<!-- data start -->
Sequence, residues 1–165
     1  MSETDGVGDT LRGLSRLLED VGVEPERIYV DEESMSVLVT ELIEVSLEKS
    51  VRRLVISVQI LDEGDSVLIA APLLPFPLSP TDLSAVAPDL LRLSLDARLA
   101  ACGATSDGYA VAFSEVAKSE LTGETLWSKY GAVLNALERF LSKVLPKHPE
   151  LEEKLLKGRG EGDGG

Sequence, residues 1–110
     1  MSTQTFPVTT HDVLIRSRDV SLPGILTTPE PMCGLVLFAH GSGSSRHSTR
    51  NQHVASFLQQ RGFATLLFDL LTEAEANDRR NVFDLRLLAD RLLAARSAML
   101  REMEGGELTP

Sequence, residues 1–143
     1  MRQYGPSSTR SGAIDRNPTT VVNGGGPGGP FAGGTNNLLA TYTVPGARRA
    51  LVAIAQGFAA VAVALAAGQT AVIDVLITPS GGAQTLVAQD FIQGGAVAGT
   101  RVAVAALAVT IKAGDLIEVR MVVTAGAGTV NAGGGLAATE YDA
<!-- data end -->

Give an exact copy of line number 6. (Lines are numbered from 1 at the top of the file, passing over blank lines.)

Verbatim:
Sequence, residues 1–110